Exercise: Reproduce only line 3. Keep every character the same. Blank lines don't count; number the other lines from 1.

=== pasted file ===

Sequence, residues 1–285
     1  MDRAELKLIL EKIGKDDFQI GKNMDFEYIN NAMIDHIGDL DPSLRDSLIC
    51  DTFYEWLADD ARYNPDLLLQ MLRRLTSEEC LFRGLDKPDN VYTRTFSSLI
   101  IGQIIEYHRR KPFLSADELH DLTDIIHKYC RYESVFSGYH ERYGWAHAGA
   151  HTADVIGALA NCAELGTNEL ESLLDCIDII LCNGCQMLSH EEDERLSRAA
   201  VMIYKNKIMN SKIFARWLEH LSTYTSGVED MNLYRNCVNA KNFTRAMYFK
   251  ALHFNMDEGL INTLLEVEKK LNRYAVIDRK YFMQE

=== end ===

    51  DTFYEWLADD ARYNPDLLLQ MLRRLTSEEC LFRGLDKPDN VYTRTFSSLI